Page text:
Rawls, Chippewas Rambling On

Thomas Rawls
Oct. 17, 2014

By Andy Sneddon, CMUChippewas.com 

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MOUNT PLEASANT, Mich. – What’s next for Central Michigan running back Thomas Rawls?

Another 40-carry performance? Perhaps 300 yards?

To Rawls, it doesn’t really matter.

“I can’t forget my first goal, and this team’s first goal, and that’s to win a MAC championship,” Rawls said after a practice this week. “We haven’t won a MAC championship in a long time here and to be a part of that would be great.”

That’s still very much a legitimate possibility, as is Rawls potentially etching his name in the CMU record book.

The Chippewas enter Saturday’s game with Ball State – 3:30 p.m. at Kelly/Shorts Stadium – riding a two-game win streak. CMU is 4-3 overall, 2-1 in the MAC and trails first-place Toledo by one game in the West Division.

Ball State is 1-5, 0-2, and has lost five straight since beating Colgate, 30-10, in its opener. All five losses have come by 11 points or less.

In the past two weeks combined, Rawls has 499 yards on 80 carries and four touchdowns. He’s led dominating victories over Ohio, 28-10; and Northern Illinois, 34-17.

Rawls’ career-best 270-yard effort against Northern Illinois was the third-highest total by a Football Bowl Subdivision back this season, the sixth-best rushing day in CMU history, and it earned him MAC West Co-Offensive Player of the Week honors.

And it came against an NIU defense that entered the game having allowed just 107.6 yards per game on the ground and 354.8 total yards per game, both MAC bests. Ball State enters Saturday’s game 10th in the MAC in rushing yards allowed per game (199.7).

Rawls transferred to CMU this season after spending three years at Michigan. He appeared in 20 games as a Wolverine, rushing for 333 yards and five touchdowns on 73 carries. He played in just one game last season.

“When I was (at Michigan) I was kind of losing a little bit of my fire,” Rawls said. “I learned a lot, good and bad. I just took it in stride and I never gave up. I went through some adversity there and I can honestly tell you that it made me a better person, a better man, a better football player.

“After transferring here, I got my fire back. It’s a different vibe here, but I do not regret going to Michigan. Maybe if I hadn’t (gone there) I wouldn’t be here. I wouldn’t have 40 carries, I wouldn’t be running as hard as I am.”

Rawls has 840 yards and nine touchdowns on 153 carries this season. He is averaging 5.5 yards per rush, leads the MAC in yards per game (168) and all-purpose yards per game (183.4). His 10.8 points per game rank second in the MAC, and his rushing total is third.

It’s no coincidence that the Chippewas have won their last two games going away, a byproduct of a dominant run game led by Rawls, and that their average time of possession (33 minutes, 17 seconds) ranks second in the league.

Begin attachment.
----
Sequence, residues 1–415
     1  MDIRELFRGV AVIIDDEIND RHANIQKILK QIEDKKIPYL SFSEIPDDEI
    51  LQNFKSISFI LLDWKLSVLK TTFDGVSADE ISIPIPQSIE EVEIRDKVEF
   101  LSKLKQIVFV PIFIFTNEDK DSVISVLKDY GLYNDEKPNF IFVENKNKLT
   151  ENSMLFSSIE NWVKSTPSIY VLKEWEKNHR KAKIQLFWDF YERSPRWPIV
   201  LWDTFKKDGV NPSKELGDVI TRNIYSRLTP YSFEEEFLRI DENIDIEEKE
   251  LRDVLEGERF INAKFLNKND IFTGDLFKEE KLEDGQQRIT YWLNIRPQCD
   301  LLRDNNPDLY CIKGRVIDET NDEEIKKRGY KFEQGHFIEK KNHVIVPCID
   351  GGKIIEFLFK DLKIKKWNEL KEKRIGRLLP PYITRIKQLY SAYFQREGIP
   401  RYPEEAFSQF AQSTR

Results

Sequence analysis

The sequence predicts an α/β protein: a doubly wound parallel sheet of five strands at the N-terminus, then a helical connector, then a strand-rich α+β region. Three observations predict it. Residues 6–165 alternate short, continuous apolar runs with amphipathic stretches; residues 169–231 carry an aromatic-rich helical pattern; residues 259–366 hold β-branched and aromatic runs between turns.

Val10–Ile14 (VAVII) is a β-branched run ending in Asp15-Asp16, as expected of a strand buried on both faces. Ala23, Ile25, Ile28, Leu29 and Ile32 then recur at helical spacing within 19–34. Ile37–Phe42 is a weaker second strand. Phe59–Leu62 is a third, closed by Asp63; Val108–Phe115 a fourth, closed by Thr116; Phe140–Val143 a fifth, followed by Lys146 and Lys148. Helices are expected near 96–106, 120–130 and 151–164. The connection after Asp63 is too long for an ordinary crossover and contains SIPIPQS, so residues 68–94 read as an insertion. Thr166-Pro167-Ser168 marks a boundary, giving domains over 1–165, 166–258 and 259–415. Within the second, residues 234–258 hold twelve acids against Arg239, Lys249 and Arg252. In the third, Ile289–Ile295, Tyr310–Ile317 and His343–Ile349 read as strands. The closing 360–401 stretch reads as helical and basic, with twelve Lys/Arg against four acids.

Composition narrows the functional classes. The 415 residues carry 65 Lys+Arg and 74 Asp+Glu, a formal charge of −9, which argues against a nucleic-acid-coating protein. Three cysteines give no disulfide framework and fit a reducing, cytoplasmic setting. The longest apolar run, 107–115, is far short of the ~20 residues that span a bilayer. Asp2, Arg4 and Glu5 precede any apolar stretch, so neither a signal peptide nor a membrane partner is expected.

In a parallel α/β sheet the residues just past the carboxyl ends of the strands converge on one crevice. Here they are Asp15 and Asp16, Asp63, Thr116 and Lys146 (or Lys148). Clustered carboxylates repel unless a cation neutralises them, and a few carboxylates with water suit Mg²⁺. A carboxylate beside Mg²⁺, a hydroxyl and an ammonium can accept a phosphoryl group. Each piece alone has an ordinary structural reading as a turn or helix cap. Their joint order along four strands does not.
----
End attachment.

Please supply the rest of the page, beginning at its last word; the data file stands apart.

“He makes yards,” CMU coach Dan Enos said. “And I always talk about the 1- and 2-yard run becomes the 4- and 5-yard run, and that’s critical when you’re in the flow of the game. Our offensive line and tight ends have done a very good job of blocking for him, and he’s a physical back with great vision. He keeps his feet moving and he’s a competitor.”

Rawls’ workload has yet to become an issue, but that’s not to say Enos and his staff aren’t acutely aware of it.

“We just have to be very smart with him throughout the week in how we use him,” Enos said. “Football changes from week to week and we’ve really challenged our other backs this week to step up in practice and show us that we can get a guy in there who will make us feel really good about taking 10 or 15 carries off (Rawls’) plate.”

Enos said that practice time is adjusted based on the number of plays logged in any game. It’s like that now for Rawls, just as it is for any player.

“We really look at the number of plays they play in the game, whether it’s a D lineman or an O lineman or a running back or even a wide receiver,” Enos said. “Then we try to tailor their week’s preparation around that. Everybody’s a little different, a little unique as far as that goes.

“You definitely have to have a formula with how you’re going to deal with them throughout the week.”

Rawls’ overall numbers have certainly been impressive, even more so when they’re broken down by halves. Of his 840-yard total, 580 – or 69 percent – have come after halftime when CMU is playing with the lead, grinding out the clock and keeping the opponent’s offense sidelined.

“With someone like him, throughout the game, you can see how he’s physically wearing down the defense,” CMU senior guard Andy Phillips said. “That’s something that we take pride in because we can see what he’s doing to people.

“He’s very quiet on the field. He kind of lets his play do the talking. We don’t really talk much to him. We just always tell him we’re going to be grinding up here so let’s keep it rolling, keep it rolling. Occasionally he’ll have a big run and he’ll come back to the huddle and he’ll just wink at me and that’s kind of his way of letting me know he’s ready for another one.”

Rawls won over his new teammates from the get-go, long before he ever played a down.

“When these guys embraced him back in June I don’t think they looked at him as a guy who was going to go for 40 carries against Northern for 270 yards,” Enos said. “It was that he was a guy who was coming here and they wanted to help acclimate him and I think he appreciated that. I think when guys get a second chance, sometimes you get the best out of them because I think he realizes how special this group is.”

Said Rawls: “There’s no pressure. It’s just football. I’ve been doing it all my life, and I’ve got these guys with me and it’s a team thing, it’s not just about me even though I’m getting all of these (accolades) and stuff. I’m still with my guys.”
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